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Business & Innovation

10 Black pioneers in A.I. featured in TIME Magazine’s TIME100 A.I.

todayMarch 5, 2024

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10 Black pioneers in A.I. featured in TIME Magazine's TIME100 A.I.

Within the dynamic and ever-changing realm of artificial intelligence (AI), a cadre of Black innovators is making remarkable progress, steering the direction of AI technology toward a future that is inclusive and equitable for all. Highlighted by TIME magazine in its TIME100 AI list for 2023, ten Black pioneers are at the helm of this pivotal shift, with an impressive representation of nine women among them. Their contributions are pivotal, marking them as standout figures in the AI domain.

Despite the significant impact of these leaders, Black or African American professionals constitute only about 10.2% of AI specialists in the United States. This underrepresentation underscores a critical issue within the AI sector, where the scarcity of Black voices in AI development and application raises concerns. Such a diversity gap can inadvertently foster the continuation of biases and discrimination, underscoring the importance of broadening representation to include more Black perspectives in AI for the technology to benefit and reflect the diversity of society truly.

Pelonomi Moiloa

Pelonomi Moiloa is a distinguished figure in artificial intelligence (AI), known for her leadership as the CEO and Co-Founder of Lelapa AI. With a background in biomedical and electrical engineering, Moiloa has dedicated her career to advancing AI research and development, focusing on creating solutions that are by Africans, for Africans. Her journey into AI was not initially planned; her academic pursuits at the University of Witwatersrand in South Africa led her to discover her passion for the field.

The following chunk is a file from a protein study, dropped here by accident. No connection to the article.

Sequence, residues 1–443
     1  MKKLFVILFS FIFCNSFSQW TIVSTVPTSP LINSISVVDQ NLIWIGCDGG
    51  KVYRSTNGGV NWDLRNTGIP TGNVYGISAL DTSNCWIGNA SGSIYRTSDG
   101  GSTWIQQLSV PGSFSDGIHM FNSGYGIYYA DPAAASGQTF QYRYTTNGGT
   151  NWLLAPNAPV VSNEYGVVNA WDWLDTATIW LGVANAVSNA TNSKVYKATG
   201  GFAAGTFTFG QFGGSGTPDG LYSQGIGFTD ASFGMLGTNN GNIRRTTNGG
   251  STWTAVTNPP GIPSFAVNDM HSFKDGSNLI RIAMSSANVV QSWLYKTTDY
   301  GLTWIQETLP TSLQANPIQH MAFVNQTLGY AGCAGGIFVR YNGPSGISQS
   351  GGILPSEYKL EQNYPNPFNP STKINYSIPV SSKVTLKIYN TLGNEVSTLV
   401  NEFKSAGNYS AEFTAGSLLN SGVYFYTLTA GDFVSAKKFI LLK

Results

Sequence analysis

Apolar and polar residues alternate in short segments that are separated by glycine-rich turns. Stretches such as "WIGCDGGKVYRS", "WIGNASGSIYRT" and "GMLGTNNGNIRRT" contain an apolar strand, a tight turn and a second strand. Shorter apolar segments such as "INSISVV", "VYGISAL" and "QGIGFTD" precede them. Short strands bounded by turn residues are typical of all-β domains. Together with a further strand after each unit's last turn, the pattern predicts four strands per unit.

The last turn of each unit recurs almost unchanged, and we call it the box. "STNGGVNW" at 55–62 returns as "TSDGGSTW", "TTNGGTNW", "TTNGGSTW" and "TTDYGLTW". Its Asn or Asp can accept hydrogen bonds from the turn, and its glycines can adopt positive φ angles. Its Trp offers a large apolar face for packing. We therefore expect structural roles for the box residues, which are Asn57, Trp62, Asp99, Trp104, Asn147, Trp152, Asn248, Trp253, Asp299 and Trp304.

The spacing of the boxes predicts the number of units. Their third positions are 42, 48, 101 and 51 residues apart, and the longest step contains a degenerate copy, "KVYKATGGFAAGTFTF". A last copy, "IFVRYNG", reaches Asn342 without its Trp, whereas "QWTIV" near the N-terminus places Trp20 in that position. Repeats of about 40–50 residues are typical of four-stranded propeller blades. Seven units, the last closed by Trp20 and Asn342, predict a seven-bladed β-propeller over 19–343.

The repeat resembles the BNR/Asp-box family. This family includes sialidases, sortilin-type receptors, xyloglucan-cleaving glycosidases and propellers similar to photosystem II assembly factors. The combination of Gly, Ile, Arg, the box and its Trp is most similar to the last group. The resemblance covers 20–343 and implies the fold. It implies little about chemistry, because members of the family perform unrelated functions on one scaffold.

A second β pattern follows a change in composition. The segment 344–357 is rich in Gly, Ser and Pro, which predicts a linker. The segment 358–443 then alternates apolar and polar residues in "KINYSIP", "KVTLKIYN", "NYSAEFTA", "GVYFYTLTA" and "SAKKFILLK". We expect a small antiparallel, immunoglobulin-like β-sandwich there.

Moiloa’s expertise spans over eight years in the data science domain, where she has led data science teams in developing machine learning applications, particularly within the finance industry. Her work at Lelapa AI is a testament to her commitment to leveraging AI for social good, aiming to address and solve challenges unique to the African continent.

Stephanie Dinkins

Stephanie Dinkins is a transmedia artist and professor at Stony Brook University, holding the Kusama Endowed Chair in Art. She is renowned for her work at the intersection of artificial intelligence (AI), art, and social justice, creating experiences that spark dialogue about race, gender, aging, and our future histories. Dinkins’ work in AI and other mediums uses emerging technologies and social collaboration to work toward technological ecosystems based on care and social equity. Her art practice employs lens-based practices, emerging technologies, and community engagement to confront questions of bias in AI, consciousness, data sovereignty, and social equity.

One of her notable projects is “Not the Only One,” where she trained an AI on the narratives of three generations of Black women to give it cultural roots and a deep history. This project reflects her deep interest in how algorithmic systems impact communities of color and society. Dinkins’ experiments with AI have led her to recognize that the stories, myths, and cultural perspectives we hold and share form and inform society and have done so for millennia. She believes our stories are our algorithms and that we must value, grow, respect, and collaborate with each other’s stories (data) to build care and broadly compassionate values into the technological ecosystems that increasingly support our future.

Kate Kallot

Kate Kallot is an influential figure in artificial intelligence and machine learning, having held significant roles at major tech companies such as Intel, Arm, and NVIDIA. Recognizing the critical gap in reliable and trustworthy data in Africa—a continent with vast resources yet contributing only 3% to ‌global GDP—Kallot founded Amini Corp in late 2022. Her venture is dedicated to addressing ‌data scarcity in Africa, facilitating capital investment, promoting climate resilience, and accelerating regional economic development opportunities. Amini Corp’s mission is to provide the data to measure climate change impact and support the continent’s growth.